CRIDEN: You're giving me, and I'm going to do what's right with everybody...

Murtha watches Criden and Amoroso go back and forth. Amoroso is upset that he and Murtha cannot have a direct deal, without Criden and the congressmen. After a couple minutes of the bickering, Murtha stands up, buttons his coat, and says, "We're going home. You deal with Howard. Howard, you do what you want to do." It appears that Murtha loses interest at the same time as Amoroso: when they figure they cannot cut out the middlemen.

"Investments" in the District
Although Murtha maintains that he only intended to discuss "investment in my district," the video and the cases of his fellow Abscam congressmen suggest that is a thin defense. First, most of the convicted Abscam congressmen, including Thompson and Murphy, argued that they were only meeting with the sheiks' representatives to discuss "investments" in their districts. Rep. Raymond J. Lederer (D-Penn.) said after he was indicted that the FBI's tape of his meeting "will show that I was there to bring investments" for his district. Rep. John W. Jenrette Jr. (D-S.C.) "testified that he was only trying to help his longtime friend... obtain a loan to salvage a munitions plant in [his] district and thereby save 500 jobs for his constituents," according to a 1980 Washington Post report. Similarly, Rep. Michael J. "Ozzie" Myers (D-Penn.), who was convicted and expelled from Congress, told the Philadelphia Inquirer that any politician being promised heavy investments in his district would have kept dealing with the sheik's agents.

Second, throughout Murtha's testimony and the video, the investments and the money seem closely related, both for Amoroso and Murtha. While Murtha tells them that he is not yet interested in the money, he holds out investments in his district as the first step. Why? Perhaps so that the Arabs can prove that they are serious customers. And Murtha even seems to spell it out as a cover story:
I'm talking about... a business commitment that makes it imperative for me to help him. Just, let me tell you something, I'm sure if, and there's a lot of things I've done up here, with environmental regulations, with all sorts of waivers of laws and regulations that if it weren't for being in the district, people would say, "Well, that son of a bitch, I'm gonna tell you something -- this guy is on the take." Well once they say that, what happens? Then they start going around looking for the goddamn money. So I want to avoid that by having some tie to the district. That's all. That's the secret to the whole thing.

As long as there is a business commitment, or an investment in the district, no one looks for the money. With that explanation, such investments appear to have dual purposes: good politics, and good cover.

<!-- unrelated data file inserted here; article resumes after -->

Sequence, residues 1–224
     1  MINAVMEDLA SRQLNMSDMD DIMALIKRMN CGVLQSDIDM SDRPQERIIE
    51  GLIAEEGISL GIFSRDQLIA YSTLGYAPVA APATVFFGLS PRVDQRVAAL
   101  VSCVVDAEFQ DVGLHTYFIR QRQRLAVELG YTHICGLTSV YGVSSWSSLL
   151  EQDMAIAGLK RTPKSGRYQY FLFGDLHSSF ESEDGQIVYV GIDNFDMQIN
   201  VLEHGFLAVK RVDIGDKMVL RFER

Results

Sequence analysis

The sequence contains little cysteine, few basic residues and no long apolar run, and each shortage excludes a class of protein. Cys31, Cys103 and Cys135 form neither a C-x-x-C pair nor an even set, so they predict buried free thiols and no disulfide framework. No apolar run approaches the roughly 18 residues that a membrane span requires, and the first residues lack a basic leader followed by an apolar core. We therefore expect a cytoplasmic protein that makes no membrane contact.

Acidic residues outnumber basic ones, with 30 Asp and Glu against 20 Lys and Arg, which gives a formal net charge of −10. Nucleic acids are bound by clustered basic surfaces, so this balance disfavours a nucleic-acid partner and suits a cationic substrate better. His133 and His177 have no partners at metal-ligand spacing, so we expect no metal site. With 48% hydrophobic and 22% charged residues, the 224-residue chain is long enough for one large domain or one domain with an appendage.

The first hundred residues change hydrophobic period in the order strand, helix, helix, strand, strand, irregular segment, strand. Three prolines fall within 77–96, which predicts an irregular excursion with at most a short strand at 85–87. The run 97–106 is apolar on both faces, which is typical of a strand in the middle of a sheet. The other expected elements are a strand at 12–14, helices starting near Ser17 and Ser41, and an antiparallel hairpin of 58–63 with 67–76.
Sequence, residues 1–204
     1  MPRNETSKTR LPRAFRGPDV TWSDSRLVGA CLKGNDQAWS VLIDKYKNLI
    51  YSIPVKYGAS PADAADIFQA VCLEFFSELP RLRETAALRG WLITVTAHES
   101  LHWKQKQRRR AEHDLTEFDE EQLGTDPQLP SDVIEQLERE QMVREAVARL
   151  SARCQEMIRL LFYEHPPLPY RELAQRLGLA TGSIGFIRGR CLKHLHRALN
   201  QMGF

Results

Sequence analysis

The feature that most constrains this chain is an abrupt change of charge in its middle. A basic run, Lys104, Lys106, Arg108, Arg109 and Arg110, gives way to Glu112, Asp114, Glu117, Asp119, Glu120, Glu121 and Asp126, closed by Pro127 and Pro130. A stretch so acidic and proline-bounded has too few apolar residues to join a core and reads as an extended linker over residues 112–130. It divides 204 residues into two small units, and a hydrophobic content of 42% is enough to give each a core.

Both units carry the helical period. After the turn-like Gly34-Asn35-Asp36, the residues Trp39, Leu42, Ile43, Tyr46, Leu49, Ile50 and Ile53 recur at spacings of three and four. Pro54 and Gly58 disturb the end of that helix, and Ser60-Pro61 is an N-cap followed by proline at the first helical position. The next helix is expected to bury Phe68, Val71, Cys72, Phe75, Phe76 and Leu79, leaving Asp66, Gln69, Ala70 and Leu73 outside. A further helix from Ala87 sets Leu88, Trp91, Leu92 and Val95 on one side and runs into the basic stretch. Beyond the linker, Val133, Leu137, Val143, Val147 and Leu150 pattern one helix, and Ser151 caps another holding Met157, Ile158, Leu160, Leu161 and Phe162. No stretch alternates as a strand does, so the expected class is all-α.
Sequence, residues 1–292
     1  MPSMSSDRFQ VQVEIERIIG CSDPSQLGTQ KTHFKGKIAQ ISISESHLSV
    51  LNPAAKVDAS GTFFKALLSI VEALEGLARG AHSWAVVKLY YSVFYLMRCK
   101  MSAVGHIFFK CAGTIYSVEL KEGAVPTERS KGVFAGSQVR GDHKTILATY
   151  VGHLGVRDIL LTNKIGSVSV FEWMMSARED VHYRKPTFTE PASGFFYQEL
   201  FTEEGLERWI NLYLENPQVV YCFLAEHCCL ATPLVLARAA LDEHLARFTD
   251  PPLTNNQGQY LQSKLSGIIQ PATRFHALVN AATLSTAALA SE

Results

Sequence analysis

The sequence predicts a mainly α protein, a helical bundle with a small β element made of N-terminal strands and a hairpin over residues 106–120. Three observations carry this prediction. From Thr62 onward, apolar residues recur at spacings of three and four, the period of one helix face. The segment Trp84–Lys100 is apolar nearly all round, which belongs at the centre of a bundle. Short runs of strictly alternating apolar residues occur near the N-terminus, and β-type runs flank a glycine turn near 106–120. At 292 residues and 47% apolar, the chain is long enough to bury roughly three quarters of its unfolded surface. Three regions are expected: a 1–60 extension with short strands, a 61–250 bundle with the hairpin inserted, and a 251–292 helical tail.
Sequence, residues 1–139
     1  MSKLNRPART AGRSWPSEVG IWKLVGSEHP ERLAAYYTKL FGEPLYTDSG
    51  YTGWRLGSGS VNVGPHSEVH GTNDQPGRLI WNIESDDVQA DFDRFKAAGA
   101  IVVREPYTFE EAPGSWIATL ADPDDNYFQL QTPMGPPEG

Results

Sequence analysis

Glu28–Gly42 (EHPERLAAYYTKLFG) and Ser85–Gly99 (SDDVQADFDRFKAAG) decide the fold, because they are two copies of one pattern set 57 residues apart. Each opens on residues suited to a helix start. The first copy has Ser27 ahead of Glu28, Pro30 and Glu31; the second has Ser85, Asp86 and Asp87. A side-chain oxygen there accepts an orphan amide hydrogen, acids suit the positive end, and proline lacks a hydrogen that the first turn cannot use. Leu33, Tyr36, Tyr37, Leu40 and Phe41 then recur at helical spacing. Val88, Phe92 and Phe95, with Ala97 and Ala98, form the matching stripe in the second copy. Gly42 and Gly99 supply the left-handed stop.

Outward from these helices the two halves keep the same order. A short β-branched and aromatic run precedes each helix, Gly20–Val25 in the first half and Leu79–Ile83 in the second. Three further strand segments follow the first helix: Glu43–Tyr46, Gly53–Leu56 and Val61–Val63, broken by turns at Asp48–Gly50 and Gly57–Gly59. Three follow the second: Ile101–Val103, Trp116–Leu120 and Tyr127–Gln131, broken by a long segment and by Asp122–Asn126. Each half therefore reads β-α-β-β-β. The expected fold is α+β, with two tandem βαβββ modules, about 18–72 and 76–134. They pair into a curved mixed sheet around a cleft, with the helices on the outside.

At another point in the conversation, though, Murtha appears to restrict the deal to the Arabs placing money in banks in his district.
...as I look into this thing, it may be that [placing money in the banks is] the only way I can do business, by being completely dependent on, you know, listen, I need the goddamn money like anyone else does. But, you know, this thing may be so sticky that I know that it's gonna take a lot of goddamn work, and if it's going to take work, the only thing that can justify it is, is, is that goddamn investment in my district.

It is not clear where investments in the district end and the "walking around money" begins. But Thompson mentioned to Murtha the money as part of the investments and helping the Arabs on the floor of the House, and in his office before Murtha went to the townhouse.



Who Did Murtha Call?
After the sheiks' representatives offered Murtha the bribe and investments in his district on January 7, who did Murtha call? Not the FBI. In fact, when the FBI talked with him on February 2, he was not truthful about his contacts about the investments with Congressman Thompson or his January 7 meeting, Thompson's attorney revealed in cross-examination with Murtha. Murtha did not report to the agents that he was offered money, or that Thompson discussed splitting money with him. He told the agents that he never had any indication of money having been paid to Thompson. He also told the FBI that Criden first called him to arrange the meeting, though he later testified it was Thompson who first called.

Did he call the Ethics Committee, of which he was a member, or Tip O'Neill, the speaker of the House, to report the bribe offer? Murtha testified that he did not report any of Congressman Thompson's statements or anything else to the Ethics Committee or to anyone else in Congress.

But Murtha did call his guy in immigration. He testified that within one week of the townhouse meeting he spoke to an immigration official about getting the sheiks into the country. Sometime after that call and after January 21, Murtha ran into Thompson at the voting slot on the House floor. There, he told Thompson that he had "talked to Immigration and [Murtha] thought something could be done." Whatever Murtha expected in return, be it friendship, or investments in his district, or "walking around money," he was doing what he told the sheiks' representatives he could do.